Whew!  That's exhausting, right?  Well guess what, gang?  I'm here to contribute to the madness, because I was going through my stash and realized I happen to own still yet another version!  It's a Serious promo cassette that features another exclusive track not on any of the other versions, and which has also never been released anywhere else.  For the most part, it has the exact same track-listing as Serious's CD.  It's technically one short, but only because it skips the "Intro," which is a snippet of a radio interview with DJ X.  But all the actual songs are there, and in the same sequence.  However, there's then one last song, "Money Or Love (Remix)."

You may remember that "Money Or Love" was included on every version of The Underground Tapes, even the vinyl EP.  And it was made the single for the album, being put out as its own 12" by Capitol Hill, and they made a music video for it.  That 12" features additional versions of the song, like the Instrumental and Accapella, but not this remix.

Now, I'll be real with you guys.  "Money Or Love" was not a favorite off this album.  It emphasized more of his sung chorus and trendier production style.  He still sounds like himself as an MC here and he's never really fallen off when it comes to his bars, even in recent years.  So it's an okay song, but the topic is pretty crass and the music feels more like record executive bait than his tight "underground" material that got him to this point.  Like this is the beginning of the crossover stuff that turned each Saukrates record from something you just had to have to alright stuff you didn't really need to keep checking for.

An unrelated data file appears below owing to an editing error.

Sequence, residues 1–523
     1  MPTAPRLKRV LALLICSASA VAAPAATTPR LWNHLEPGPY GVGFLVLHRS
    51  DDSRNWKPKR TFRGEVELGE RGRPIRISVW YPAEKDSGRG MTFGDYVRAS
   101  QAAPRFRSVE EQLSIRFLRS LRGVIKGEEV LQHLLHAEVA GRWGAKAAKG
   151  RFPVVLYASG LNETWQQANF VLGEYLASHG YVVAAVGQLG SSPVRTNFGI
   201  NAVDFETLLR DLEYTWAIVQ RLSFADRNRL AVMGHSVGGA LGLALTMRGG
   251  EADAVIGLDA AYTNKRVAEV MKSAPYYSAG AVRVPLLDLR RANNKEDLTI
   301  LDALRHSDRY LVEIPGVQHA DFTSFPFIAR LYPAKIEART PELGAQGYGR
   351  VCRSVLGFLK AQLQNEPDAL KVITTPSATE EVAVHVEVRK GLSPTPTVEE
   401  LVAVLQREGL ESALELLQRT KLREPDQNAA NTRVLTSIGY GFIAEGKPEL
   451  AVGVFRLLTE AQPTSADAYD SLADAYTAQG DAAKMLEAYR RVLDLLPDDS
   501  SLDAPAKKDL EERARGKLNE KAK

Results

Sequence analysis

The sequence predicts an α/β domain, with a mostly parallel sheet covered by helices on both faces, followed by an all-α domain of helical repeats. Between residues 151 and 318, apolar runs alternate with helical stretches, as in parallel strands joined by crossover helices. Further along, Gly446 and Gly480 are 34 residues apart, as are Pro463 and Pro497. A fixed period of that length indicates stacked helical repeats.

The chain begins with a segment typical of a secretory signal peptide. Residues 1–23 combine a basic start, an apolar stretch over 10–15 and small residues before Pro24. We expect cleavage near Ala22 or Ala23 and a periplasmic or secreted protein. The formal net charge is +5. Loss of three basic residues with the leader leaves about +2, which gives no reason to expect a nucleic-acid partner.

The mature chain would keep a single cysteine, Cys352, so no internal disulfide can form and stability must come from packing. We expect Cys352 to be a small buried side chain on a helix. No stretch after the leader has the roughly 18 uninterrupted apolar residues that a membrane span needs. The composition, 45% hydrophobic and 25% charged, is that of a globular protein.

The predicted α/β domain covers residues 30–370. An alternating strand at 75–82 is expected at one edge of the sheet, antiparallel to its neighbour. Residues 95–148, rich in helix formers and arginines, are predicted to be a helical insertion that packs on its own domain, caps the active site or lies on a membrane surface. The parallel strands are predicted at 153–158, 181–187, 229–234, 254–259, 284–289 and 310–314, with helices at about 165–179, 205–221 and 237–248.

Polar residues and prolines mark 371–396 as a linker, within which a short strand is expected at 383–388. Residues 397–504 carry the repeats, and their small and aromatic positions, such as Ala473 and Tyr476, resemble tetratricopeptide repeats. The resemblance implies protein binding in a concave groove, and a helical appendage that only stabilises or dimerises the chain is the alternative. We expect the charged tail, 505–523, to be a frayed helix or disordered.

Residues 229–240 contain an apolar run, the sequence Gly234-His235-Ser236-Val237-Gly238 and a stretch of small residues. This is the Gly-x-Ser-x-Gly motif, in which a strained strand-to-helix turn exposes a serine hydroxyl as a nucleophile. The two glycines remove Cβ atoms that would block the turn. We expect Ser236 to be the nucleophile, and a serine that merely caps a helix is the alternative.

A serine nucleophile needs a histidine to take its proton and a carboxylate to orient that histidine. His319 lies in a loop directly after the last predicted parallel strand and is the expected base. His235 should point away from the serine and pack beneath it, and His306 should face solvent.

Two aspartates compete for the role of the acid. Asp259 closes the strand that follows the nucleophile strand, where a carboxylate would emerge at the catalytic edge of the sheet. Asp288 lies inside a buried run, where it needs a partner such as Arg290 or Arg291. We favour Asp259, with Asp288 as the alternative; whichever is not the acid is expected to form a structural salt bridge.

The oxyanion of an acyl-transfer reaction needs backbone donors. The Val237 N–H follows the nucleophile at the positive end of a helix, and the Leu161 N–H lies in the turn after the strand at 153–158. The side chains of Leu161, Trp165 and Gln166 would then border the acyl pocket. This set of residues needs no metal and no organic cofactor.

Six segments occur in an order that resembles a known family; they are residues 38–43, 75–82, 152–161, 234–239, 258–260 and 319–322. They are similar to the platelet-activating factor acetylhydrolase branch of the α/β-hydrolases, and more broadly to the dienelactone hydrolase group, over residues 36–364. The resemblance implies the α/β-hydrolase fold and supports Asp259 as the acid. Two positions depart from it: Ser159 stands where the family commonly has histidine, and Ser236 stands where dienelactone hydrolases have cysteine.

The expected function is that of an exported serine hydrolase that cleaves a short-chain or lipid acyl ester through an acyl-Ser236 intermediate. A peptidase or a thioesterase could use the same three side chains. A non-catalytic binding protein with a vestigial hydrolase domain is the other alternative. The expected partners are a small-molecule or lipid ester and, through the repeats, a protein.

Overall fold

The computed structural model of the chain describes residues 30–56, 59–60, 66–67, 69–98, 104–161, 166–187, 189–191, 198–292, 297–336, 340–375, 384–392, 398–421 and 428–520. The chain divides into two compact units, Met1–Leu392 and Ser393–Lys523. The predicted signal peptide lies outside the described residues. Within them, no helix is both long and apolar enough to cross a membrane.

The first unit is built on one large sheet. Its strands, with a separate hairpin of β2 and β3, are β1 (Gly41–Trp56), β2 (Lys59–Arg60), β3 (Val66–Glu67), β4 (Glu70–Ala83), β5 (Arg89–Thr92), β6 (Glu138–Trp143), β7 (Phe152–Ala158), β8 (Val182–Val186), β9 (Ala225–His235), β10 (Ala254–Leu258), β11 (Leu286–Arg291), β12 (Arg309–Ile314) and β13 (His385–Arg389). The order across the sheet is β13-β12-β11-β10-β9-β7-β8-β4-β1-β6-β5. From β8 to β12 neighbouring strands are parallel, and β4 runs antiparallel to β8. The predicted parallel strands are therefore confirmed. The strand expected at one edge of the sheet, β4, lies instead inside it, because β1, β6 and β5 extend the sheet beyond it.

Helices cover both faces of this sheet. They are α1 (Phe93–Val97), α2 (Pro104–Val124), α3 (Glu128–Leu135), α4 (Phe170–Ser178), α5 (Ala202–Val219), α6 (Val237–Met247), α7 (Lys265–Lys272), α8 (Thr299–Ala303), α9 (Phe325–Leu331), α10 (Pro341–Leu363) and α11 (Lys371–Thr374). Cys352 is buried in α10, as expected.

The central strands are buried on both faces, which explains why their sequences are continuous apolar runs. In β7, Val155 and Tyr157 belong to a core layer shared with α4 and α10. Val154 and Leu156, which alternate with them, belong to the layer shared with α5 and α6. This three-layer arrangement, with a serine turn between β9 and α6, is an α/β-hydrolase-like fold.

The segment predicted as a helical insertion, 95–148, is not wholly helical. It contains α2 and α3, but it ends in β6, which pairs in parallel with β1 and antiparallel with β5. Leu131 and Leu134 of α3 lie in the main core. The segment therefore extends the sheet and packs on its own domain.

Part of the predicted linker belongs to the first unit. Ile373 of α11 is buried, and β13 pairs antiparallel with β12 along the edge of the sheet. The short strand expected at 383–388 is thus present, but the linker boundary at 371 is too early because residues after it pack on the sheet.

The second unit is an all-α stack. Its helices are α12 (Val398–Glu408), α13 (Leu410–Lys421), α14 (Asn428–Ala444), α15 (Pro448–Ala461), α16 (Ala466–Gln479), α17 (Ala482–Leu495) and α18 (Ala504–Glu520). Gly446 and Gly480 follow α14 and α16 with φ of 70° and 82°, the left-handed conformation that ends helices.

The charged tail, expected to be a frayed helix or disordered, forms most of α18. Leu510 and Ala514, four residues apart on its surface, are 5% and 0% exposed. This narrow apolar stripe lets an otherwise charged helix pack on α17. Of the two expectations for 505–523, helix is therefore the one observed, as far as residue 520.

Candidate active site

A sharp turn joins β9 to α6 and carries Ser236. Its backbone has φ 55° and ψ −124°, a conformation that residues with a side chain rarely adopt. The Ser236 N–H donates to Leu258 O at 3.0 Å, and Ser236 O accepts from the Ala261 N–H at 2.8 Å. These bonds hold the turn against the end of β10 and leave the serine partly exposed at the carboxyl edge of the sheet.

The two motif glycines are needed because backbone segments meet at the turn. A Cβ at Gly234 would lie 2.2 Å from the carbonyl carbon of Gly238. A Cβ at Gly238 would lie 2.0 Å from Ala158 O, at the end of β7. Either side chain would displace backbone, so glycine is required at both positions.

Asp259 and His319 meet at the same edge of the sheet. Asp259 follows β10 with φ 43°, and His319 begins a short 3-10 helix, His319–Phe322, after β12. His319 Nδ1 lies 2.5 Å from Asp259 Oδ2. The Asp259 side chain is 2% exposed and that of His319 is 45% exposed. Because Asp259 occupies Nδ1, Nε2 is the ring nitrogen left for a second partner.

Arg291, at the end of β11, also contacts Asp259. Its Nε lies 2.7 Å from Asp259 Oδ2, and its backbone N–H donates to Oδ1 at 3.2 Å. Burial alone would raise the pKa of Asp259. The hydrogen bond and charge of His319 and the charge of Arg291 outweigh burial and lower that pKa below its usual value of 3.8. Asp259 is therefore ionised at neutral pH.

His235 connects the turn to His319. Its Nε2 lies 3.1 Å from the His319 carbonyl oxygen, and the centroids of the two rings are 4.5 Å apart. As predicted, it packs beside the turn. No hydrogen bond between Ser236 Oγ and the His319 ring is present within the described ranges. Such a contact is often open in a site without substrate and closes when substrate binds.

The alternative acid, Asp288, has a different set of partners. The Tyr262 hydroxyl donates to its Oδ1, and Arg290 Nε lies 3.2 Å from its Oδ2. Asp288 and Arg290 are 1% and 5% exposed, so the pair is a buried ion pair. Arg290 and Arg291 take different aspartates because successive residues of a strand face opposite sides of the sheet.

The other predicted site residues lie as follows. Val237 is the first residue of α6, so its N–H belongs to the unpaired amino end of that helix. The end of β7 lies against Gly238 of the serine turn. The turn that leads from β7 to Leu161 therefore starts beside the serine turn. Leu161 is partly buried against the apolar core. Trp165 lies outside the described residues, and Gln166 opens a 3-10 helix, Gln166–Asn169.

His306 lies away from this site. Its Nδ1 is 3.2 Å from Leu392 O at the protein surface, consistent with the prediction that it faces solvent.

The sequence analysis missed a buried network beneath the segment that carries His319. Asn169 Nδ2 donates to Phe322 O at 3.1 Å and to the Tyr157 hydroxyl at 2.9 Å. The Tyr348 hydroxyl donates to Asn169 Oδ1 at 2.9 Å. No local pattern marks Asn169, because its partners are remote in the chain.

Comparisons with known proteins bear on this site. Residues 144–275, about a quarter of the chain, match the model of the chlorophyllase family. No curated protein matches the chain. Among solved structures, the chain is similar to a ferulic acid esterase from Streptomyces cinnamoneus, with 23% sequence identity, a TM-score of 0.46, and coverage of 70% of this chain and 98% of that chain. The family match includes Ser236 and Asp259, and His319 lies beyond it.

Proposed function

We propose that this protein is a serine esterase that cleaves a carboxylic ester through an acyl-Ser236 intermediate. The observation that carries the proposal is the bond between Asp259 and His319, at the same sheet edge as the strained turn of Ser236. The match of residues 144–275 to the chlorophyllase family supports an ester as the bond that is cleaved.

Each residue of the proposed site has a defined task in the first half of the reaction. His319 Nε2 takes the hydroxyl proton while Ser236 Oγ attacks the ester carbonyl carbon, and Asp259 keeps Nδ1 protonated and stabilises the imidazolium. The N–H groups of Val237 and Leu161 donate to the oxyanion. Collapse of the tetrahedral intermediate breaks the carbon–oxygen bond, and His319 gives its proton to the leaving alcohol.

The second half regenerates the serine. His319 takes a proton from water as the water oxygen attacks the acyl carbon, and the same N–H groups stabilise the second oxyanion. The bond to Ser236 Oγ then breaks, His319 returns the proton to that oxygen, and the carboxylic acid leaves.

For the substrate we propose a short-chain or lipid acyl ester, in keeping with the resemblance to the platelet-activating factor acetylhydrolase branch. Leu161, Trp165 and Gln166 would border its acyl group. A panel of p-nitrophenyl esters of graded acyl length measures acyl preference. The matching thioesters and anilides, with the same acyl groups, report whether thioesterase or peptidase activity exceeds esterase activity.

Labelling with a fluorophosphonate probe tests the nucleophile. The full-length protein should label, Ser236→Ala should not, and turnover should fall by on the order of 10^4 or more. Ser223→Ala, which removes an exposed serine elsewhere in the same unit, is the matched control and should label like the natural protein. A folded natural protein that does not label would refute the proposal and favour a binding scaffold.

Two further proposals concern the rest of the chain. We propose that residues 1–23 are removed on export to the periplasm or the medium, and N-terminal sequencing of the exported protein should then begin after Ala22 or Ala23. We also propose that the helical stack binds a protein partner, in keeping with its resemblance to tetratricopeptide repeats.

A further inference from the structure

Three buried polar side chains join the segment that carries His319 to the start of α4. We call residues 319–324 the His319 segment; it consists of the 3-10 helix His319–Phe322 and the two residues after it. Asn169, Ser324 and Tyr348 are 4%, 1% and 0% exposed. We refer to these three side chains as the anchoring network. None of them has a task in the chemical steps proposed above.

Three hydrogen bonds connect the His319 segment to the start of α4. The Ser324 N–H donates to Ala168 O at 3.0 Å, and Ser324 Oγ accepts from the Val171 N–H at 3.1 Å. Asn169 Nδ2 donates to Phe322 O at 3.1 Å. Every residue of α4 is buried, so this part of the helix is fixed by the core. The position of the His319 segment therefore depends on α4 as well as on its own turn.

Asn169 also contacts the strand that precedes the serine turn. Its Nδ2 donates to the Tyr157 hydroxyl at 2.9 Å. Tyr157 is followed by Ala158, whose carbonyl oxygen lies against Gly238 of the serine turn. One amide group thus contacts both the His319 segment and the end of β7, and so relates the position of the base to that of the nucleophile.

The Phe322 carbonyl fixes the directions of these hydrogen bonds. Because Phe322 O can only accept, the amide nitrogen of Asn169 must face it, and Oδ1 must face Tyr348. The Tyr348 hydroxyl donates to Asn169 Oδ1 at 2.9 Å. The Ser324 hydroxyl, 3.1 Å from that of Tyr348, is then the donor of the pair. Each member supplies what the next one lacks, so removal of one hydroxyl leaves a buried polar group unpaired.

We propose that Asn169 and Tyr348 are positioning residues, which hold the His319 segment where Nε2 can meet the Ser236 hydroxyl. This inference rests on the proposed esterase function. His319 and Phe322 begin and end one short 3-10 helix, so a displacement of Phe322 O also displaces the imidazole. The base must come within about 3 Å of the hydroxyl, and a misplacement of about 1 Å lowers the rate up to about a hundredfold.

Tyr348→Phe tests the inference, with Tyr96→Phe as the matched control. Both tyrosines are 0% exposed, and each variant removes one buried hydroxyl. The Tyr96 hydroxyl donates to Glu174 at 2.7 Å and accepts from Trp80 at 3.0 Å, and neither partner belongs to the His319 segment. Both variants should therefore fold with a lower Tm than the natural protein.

But this remix is easily much better.  Why is it the doper versions always seem to be the ones relegated to the B-sides or left in the vaults?  Lyrically, it's the same, but the original instrumental was pretty limp.  It had an alright basic loop, which is still on hand for this remix, at its core.  Like, it's a reasonably catchy, twangy guitar sample (they mime playing it live in the video, but I'm pretty sure it's a sample) and drums with sparse bass notes.  It's funky enough to album filler that keeps your head nodding, but it should never have been a single.  But this remix drops a huge, chunky sample on top of the whole thing, which makes the song a lot heavier.  They fade the guitar out for a lot of it, and honestly they could've completely gotten rid of it for the whole song, because it's totally stomped out anyway.  The only drawback is they still keep the original hook.  And it's not like his singing sucks or anything, but it doesn't mesh with this remix instrumental, which would sound better with a much simpler, stripped-down hook.  Or even no hook at all and just pause as the beat continues.

So there's still room for more improvement.  Maybe this was left off because whoever produced it (this tape has no credits) also felt it wasn't quite finished.  But however you cut it, the remix is by far the stronger version of the song.  And it's only available on this... ninth? version of The Underground Tapes.  Wow.  Think there are any more out in the world to be found?  Can anyone dig us up an even tenth?